Making the decision to learn how to play a musical instrument is one of the best decisions you can make. Every musician has a preferred instrument, and if you are reading this, chances are that drums are the instrument you have chosen. Playing the drums is an exhilarating and exciting experience, but in order to get started on the right note, there are six drumming basics you should know.
6 Drumming Basics
These helpful tips are at the base of every proficient drummer’s skill set, and if you dedicate time to perfecting them, you can easily be on the way to becoming a great drummer.
1. Practice with a metronome.
As a drummer, it is your job to be the rhythmic center of the music you play. If you ever play in a band setting, every other instrument follows the timing of the drums. Therefore, it is your goal to be as accurate as possible with the timing of your playing. While some drummers naturally have a better sense of rhythm than others, practicing with a metronome will aid any drummer in improving their rhythm.
2. Figure out what size drum sticks fit you best.
Drumsticks come in different sizes for the purpose of providing different sounds and fitting different drummer’s personal preferences. If you are not sure what size drum sticks are right for you, go to a music store and simply test out different sizes until you find the size that feels the most naturally comfortable to you. As a general guide for selecting drumsticks, there are four main sizes that you will find:
- 7A: These drumsticks are thin, and they are typically used for softer drumming techniques.
- 5A: These are generally the most popular and widely-used drumsticks, as their average thickness allows a larger array of sounds.
- 2B/5B: These drumsticks are thick, and are most commonly used for louder drumming.
3. Know how to tune your drums.
While tuning is essential to playing any kind of stringed instrument, drummers can sometimes get away with out-of-tune drums. While drums take significantly longer than many other instruments to go out of tune, it is still important to know how to tune them. Without being tuned, your drums will not sound as full and powerful as they should. It takes practice to get a feel for tuning drums. Consult a music instructor to learn how to do it because it is something that takes a good ear, which you cannot acquire through worded instructions.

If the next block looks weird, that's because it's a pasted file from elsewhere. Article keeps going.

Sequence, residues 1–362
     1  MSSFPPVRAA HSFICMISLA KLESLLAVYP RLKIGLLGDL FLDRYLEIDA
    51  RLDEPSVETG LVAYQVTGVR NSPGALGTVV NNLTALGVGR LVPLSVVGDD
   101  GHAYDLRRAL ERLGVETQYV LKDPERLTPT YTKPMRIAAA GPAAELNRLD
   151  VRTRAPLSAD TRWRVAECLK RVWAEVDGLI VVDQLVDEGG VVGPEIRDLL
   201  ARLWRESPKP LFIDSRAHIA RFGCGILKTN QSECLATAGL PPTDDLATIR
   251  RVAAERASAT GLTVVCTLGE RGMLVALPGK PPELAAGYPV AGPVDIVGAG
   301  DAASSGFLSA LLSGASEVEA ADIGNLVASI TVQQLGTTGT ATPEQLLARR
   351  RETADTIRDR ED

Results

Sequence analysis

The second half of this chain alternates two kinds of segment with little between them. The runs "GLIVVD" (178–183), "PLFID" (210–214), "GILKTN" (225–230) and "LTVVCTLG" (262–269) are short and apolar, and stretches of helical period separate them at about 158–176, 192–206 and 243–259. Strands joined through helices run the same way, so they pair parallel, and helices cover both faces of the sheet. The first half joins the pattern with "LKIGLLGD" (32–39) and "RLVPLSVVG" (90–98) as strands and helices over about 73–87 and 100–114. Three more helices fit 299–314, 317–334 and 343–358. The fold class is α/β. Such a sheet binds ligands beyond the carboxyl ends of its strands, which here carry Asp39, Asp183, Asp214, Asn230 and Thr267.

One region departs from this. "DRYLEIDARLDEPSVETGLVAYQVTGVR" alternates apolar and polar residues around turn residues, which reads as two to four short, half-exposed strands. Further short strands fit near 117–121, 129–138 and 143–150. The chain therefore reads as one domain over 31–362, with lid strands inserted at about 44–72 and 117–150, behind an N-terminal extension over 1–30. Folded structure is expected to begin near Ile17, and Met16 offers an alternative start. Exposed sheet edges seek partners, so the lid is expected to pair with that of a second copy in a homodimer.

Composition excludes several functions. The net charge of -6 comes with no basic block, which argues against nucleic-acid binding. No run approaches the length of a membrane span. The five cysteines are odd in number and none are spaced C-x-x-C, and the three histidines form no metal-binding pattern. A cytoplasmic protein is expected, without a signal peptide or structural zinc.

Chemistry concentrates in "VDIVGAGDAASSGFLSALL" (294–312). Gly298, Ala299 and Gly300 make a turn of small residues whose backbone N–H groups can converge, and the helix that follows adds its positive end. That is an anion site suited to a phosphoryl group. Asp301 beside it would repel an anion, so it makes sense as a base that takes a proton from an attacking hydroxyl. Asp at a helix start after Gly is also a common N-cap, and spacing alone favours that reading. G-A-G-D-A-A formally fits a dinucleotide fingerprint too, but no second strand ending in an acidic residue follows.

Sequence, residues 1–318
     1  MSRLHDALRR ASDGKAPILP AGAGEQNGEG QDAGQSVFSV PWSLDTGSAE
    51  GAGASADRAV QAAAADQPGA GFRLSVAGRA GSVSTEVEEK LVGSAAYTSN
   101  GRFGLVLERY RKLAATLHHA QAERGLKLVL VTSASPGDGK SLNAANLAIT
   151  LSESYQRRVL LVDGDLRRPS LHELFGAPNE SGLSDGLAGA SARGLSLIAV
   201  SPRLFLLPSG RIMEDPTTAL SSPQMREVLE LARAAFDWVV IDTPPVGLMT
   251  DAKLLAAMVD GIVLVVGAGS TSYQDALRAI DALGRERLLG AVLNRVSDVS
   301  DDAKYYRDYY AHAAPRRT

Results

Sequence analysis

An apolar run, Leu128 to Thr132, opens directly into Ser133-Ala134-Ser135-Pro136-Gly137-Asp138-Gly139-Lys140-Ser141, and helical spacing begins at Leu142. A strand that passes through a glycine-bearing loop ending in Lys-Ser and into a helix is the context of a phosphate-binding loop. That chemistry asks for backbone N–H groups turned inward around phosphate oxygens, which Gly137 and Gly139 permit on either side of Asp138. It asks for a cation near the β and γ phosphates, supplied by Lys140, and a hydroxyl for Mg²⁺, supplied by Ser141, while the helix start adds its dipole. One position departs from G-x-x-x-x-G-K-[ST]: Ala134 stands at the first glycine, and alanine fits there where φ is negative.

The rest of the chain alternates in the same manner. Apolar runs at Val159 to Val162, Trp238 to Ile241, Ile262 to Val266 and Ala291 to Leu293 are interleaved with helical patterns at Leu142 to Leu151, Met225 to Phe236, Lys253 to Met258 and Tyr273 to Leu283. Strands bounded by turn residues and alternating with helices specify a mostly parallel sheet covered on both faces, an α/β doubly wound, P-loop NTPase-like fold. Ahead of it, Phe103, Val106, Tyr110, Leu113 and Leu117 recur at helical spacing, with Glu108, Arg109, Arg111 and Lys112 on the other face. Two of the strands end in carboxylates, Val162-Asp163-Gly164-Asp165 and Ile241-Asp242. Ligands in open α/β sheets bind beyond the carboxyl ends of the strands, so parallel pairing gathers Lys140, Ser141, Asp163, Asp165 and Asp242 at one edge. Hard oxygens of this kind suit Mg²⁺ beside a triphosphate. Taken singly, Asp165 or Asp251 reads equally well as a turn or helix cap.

4. Learn basic drum beats.
Without a beat to maintain structure, drums sound like noise rather than music. It is important for every drummer to know how to perform basic drum beats and eventually learn how to formulate their own. If you are not sure where to start in terms of learning drum beats, here are instructions for one of the most widely used beats in modern music:
Play the hi-hat on beats 1 through 4. Count it in your head by saying “1 and 2 and 3 and 4 and”.
Use the kick drum on beats 1 and 3, in addition to the hi-hats.
Hit the snare on beats 2 and 4 in addition to both the kick drum and the hi-hats.
Following these three steps at the same time, you have created a looped drum beat that can be used for practically any musical situation.
5. Play at a well-balanced volume.
While drummers have a reputation for loving to play too loud, the opposite trend is seen in new drummers. When you are starting out, you may not feel confident in your abilities. Consequentially, this affects many new drummers playing as they may not hit the drums as hard as they should in fear of others hearing their mistakes. It is also important to not play obnoxiously loudly, so find a balance between the two. You should be able to be heard clearly, but your sound should not overpower the rest of the band. The drums are the base of any song, so it is important to be powerful and consistent while not constantly distracting the listener from the other instruments.
6. Take drum lessons.
There is certainly a multitude of methods you can use to learn how to play drums, but no method is as effective and efficient as taking lessons from a professional. Reading a book or watching a video does not come close to achieving the level of knowledge you gain from being taught one-on-one by someone who has years of experience doing what you are hoping to learn how to do. Also, if you do not have someone to oversee your progress as a musician, you could miss out on developing your potential. If your technique is not as proficient as it should be, there will be no one to point it out to you. Drum lessons are an investment, but if you are going to commit to learning to play drums, the investment is completely worth it.
If you learn these drumming basics, you will have the foundation you need to build up your drumming skills and become the musician you aspire to be. As with learning any instrument, time, commitment, and dedication are necessary to progress. If you don’t perform as well as you would like to when starting out, don’t be discouraged. Use it as a reason to work harder, and as long as you have a firm foundation for your playing, you will undoubtedly improve and become a respectable drummer. Good luck!
Photo by David Childers Photography